This view is increasingly accepted by influential voices and organizations around the world, including even those that represent the status quo. Klaus Schwab, the Chairman of the World Economic Forum, which organizes Davos, recently called out ‘neoliberal ideology’, writing that ‘we must move on from neoliberalism in the post-COVID era’. The IMF has said that there should be no return to austerity and has called for progressive taxation. The Financial Times has called for ‘radical reforms’ to reverse ‘the prevailing policy direction of the last four decades’, arguing for redistribution, basic incomes and wealth taxes. Without the pandemic, these arguments would have seemed unthinkable in recent years.

Oxfam has identified five steps toward a better world.

1. A world that is profoundly more equal and measures what matters

A radical and sustained reduction in inequality is the indispensable foundation of our new world. Governments must set concrete, time-bound targets to reduce inequality, and not simply back to pre-crisis levels: they must go further to create a more equal world as a matter of urgency. They must move beyond a focus on Gross Domestic Product (GDP) and start to value what really matters. Fighting inequality must be at the heart of economic rescue and recovery efforts. This must include gender and racial equality. Countries like South Korea, Sierra Leone and New Zealand have committed to reducing inequality as a national priority, showing what can be done. The World Bank has calculated that if countries act now to reduce inequality global poverty levels will return to their pre-coronavirus levels in three years instead of over a decade from now.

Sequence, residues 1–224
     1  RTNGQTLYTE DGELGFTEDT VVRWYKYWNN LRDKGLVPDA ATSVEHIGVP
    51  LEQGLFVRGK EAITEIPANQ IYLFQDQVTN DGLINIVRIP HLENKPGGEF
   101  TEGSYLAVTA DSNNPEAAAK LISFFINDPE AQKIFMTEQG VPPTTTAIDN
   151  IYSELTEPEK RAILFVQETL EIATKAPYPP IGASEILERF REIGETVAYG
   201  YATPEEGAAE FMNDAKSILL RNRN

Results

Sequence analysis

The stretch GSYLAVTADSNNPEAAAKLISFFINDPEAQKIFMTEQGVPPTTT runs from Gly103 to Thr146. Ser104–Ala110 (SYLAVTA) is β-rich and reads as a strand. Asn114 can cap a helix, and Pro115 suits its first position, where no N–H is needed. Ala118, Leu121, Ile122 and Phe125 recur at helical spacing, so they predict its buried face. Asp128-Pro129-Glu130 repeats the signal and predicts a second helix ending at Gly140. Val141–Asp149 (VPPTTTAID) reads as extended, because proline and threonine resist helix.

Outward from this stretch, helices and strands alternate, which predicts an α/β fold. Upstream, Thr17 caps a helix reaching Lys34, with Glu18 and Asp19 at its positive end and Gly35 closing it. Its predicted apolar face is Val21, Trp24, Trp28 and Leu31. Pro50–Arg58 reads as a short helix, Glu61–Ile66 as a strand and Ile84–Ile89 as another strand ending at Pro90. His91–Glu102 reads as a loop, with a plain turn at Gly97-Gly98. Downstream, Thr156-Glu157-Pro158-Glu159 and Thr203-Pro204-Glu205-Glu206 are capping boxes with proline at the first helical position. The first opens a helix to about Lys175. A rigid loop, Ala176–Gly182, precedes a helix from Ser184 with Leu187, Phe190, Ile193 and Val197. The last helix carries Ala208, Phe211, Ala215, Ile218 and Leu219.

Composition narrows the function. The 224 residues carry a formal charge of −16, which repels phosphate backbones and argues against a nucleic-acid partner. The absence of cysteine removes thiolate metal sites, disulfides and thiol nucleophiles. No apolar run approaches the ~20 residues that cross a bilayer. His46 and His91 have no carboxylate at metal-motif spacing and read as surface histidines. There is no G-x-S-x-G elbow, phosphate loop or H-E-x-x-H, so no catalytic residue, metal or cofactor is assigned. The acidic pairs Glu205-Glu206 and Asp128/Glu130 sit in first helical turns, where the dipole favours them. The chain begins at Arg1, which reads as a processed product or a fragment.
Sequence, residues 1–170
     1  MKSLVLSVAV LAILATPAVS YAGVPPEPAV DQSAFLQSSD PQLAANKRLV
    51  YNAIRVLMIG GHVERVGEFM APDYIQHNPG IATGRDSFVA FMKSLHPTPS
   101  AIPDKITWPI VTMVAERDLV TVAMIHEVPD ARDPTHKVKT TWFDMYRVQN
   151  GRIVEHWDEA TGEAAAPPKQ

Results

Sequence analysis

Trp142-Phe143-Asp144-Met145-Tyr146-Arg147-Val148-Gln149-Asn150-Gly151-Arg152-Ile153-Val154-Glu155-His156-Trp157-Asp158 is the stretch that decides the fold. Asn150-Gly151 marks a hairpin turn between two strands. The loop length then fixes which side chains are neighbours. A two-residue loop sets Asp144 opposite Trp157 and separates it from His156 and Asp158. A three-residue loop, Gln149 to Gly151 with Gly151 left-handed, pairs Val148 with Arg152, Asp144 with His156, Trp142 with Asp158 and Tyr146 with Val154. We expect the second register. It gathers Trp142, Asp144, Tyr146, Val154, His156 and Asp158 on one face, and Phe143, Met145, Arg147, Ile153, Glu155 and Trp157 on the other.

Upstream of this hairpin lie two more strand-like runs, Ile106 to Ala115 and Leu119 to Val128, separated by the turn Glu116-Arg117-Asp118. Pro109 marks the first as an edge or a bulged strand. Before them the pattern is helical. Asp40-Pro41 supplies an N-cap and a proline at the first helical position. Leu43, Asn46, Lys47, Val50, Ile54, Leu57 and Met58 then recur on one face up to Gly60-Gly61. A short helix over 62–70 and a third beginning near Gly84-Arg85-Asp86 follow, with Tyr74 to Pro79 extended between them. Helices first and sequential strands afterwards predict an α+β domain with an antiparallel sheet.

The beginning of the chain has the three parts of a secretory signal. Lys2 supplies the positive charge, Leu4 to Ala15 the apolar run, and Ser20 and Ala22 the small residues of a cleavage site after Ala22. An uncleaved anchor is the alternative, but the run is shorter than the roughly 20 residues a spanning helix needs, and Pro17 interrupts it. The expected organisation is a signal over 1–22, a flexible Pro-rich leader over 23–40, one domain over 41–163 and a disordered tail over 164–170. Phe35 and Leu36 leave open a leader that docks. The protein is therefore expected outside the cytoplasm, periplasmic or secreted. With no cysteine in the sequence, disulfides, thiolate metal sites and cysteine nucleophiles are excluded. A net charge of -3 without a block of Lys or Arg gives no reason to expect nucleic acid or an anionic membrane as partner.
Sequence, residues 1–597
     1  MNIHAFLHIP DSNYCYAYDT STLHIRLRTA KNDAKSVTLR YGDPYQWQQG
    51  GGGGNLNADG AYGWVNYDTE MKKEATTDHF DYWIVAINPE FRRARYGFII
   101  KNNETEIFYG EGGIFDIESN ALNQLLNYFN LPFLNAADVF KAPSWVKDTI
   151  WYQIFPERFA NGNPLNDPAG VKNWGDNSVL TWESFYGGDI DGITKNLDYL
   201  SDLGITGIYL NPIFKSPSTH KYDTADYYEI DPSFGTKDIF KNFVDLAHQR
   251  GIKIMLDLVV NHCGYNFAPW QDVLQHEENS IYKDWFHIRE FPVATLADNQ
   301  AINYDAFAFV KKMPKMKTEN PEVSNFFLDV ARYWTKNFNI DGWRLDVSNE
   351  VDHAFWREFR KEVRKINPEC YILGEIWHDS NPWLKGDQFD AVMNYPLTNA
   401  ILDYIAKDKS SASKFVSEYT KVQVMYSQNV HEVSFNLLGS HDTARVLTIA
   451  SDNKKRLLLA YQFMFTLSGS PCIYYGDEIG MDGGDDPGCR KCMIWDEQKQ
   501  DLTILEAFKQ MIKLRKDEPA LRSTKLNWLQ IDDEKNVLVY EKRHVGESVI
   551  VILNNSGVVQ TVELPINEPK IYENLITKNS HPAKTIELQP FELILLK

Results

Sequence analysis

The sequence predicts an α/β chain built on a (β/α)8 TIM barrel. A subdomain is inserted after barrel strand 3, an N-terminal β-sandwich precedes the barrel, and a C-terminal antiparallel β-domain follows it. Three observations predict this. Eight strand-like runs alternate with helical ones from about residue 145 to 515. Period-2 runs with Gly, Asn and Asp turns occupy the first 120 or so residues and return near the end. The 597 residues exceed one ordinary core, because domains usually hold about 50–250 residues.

2. A world where human economies care for people

Governments must reject the old recipe of brutal and unsustainable austerity and must ensure peoples’ wealth, gender or race does not dictate their health or education. Instead, they must invest in free universal healthcare, education, care and other public services. Universal public services are the foundation of free and fair societies and have unparalleled power to reduce inequality. They close the gap between rich and poor, but also help close the gap between women and men, especially in redistributing the responsibilities of unpaid care. They help to level the playing field for racialized and historically oppressed and marginalized groups. Countries like Costa Rica and Thailand achieved universal health coverage in a decade. Others can do the same.

Governments must urgently deliver a ‘People’s Vaccine’ to tackle the pandemic. To do this they must face down pharmaceutical corporations, and insist on open access to all relevant patents and technology to enable safe and effective vaccines and treatments for all.

Cancelling debts would release $3bn dollars a month for poor countries to invest instead in free healthcare for everyone.

3. A world without exploitation and with income security